In memory of Simon Thirgood
6 December 1962 – 30 August 2009
Prof. Simon Thirgood was the driving force and key initiators behind the development of the HUNT project, and its natural coordinator when funded. Tragically, Simon died in Ethiopia on Sunday 30th August, when the building he was in collapsed during a sudden storm.
Simon was a highly respected ecologist, deeply committed to conservation issues at home and abroad, and passionate about helping to make the world a better place. He was in Ethiopia setting up a project to build community capacity conserving and monitoring biodiversity, funded by the UK Darwin Initiative.
Simon was born in Liberia on 6th December 1962, and brought up in Vancouver, Canada, where his father, J.V. Thirgood, was a Professor of Forestry Policy at University of British Columbia. His father held strong views about the importance of forestry for the rural economy, and consequently Simon developed at a very young age, insights into the relationships between the natural, social and economic sciences for sustainable land management, which he would deploy with distinction in later years.
Indeed, his father’s influence was such that Simon had to study as an undergraduate in Scotland, and so, in 1980, he came to read Zoology at Aberdeen. Many fellow students remember a larger than life, highly principled individual with a mischievous sense of humour, and morale boosting disposition, who was steeped in the traditions of the University’s Lairig Club (the UK’s most active university mountaineering club). Simon became an active and accomplished mountaineer, climbing some classic routes in the Cairngorms, notably Djibangi and Grey Slab. Years later, he would spend New Year with former Club members, such as Andy Wightman (author of Who owns Scotland?), typically welcoming the year ahead with a dip followed by a hefty dram!
After graduating Simon worked off-shore, monitoring divers on the bottom of the North Sea, to earn enough money to be able to afford to volunteer as a research assistant at the Institute of Terrestrial Ecology (ITE) Banchory. The off-shore work gave him the time to read Krebs & Davies seminal book Behavioural Ecology, while the research on the ecology of mountain hares in the Cairngorms with Ray Hewson, and the use of coniferous plantations by red and roe deer, with Brian Staines led, to the publication of his very first two scientific papers. That early training set him apart as a potential PhD student, and in 1990 he completed his thesis on the Alternative mating strategies of fallow deer at the University of Southampton, under the supervision of Rory Putman. Simon’s studies involved a lot of pre-dawn starts, especially in autumn during the rut, with him driving deep into the New Forest in his old, battered mini van. He recognised all the fallow bucks, and in the presence of colleagues got excitedly animated about the subtleties of the lek. He rapidly developed an academic persona, churning out papers, but maintaining his zest for life – and for Scotland – regaling people endlessly and vividly about his climbing exploits. He was, as one close friend remarked, ‘a good talker’!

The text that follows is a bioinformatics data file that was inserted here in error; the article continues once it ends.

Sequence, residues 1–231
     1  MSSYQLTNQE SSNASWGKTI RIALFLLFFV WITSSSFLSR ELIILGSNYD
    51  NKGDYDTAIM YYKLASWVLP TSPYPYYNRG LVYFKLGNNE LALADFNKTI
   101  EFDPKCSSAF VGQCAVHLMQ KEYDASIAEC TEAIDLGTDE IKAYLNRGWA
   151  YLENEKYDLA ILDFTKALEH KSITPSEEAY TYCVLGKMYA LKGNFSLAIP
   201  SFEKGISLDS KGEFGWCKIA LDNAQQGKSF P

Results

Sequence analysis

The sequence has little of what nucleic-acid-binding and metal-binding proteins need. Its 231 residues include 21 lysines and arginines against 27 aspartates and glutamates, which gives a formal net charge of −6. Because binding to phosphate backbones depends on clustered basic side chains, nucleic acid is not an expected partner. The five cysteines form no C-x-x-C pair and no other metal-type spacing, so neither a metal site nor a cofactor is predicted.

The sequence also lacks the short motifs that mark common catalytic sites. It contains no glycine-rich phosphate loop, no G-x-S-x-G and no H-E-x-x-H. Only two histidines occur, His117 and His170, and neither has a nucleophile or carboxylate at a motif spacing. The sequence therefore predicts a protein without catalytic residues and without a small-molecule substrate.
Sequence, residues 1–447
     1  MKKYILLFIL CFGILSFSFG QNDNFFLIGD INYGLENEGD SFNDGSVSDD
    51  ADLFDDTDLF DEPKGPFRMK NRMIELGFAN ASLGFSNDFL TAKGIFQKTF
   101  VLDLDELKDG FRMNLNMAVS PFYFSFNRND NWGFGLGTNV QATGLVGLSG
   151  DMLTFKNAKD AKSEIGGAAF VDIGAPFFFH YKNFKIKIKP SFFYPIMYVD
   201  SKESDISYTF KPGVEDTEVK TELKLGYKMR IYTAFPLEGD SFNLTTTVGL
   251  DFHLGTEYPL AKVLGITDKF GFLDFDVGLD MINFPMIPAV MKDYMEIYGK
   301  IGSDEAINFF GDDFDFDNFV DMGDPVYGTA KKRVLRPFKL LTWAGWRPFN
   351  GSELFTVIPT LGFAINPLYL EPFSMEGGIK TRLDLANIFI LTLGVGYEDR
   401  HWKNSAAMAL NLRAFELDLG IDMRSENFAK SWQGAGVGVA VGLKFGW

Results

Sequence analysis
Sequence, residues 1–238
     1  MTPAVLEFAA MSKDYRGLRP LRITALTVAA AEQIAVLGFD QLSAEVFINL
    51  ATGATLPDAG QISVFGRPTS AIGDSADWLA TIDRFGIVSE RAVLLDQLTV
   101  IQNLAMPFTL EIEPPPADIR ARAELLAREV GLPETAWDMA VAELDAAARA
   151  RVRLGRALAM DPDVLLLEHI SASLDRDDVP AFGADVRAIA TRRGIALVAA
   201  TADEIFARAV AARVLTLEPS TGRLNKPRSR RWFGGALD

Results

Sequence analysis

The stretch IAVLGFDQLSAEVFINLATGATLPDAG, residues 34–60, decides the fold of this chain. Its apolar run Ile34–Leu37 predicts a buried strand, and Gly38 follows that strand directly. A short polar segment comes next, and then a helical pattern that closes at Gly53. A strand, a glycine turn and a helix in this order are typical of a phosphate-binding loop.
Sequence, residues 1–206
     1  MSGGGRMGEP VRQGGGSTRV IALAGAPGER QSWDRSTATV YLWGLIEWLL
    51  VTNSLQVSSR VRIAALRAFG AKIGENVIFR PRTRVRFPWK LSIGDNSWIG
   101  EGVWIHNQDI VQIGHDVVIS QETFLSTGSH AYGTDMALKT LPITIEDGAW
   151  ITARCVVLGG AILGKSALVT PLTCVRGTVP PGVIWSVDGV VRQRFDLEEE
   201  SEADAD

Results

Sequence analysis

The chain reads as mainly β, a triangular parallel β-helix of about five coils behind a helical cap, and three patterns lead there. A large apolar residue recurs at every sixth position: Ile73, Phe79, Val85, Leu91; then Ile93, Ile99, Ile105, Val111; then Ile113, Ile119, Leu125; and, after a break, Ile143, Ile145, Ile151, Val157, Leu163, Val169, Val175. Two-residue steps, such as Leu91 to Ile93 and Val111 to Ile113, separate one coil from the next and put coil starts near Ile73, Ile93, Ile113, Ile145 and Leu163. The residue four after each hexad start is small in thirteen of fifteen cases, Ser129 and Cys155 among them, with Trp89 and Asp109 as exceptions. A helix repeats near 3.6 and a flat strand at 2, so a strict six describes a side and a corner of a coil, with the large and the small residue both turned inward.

Simon might have become a specialist behavioural ecologist, with a strong understanding of evolutionary theory, honed in lively arguments with Tim Clutton-Brock FRS, during his first post-doc at Cambridge, an investigation of the mating system of black lechwe in Zambia. However, short-term funding necessitated that he move on, and Simon seized the opportunity to broaden his experience into conservation biology, literally ‘moving up the road’ to Birdlife International. There, he worked in the Putting Biodiversity on the Map project, which was very influential in the debate leading up to the 1992 Rio Earth Summit.
The need for a strong evidence base and pragmatic solutions to conservation conflicts, at a range of scales around the globe, became an inspiration for Simon’s continuing work. In 1992, he returned to Scotland to work for the Game Conservancy Trust, studying the controversial interactions between moorland management for driven grouse shooting and the conservation of birds of prey, under the direction of Ian Newton FRS and Peter Hudson FRS. This Langholm-based research culminated in a landmark publication - Birds of Prey and Red Grouse (1997), co-authored with his close friend and colleague, Steve Redpath. Founded on many hundreds of days spent in the field observing raptors, this painstaking Joint Raptor Study (JRS), as it became known, demonstrated incisively that numbers of raptors, in particular hen harriers, could reach levels where red grouse numbers fell to a level where a moor was no longer viable for driven grouse shooting. Following on from this, and again with Steve, Simon undertook a pioneering research trial involving the provisioning of alternative food for hen harriers, to divert them from red grouse, which demonstrated a marked decline in the take of grouse chicks. A decade after the original JRS report, a new project, with both Simon and Steve among the group of advisers, began at Langholm in a climate of hope. Active moorland management resumed with the employment of keepers, and detailed monitoring of the habitat, wildlife and game interests is underway. Moreover, the legacy of the work is that RSPB have had a fundamental change of heart in their policies, accepting that the translocation of harriers may be a solution to some conflicts.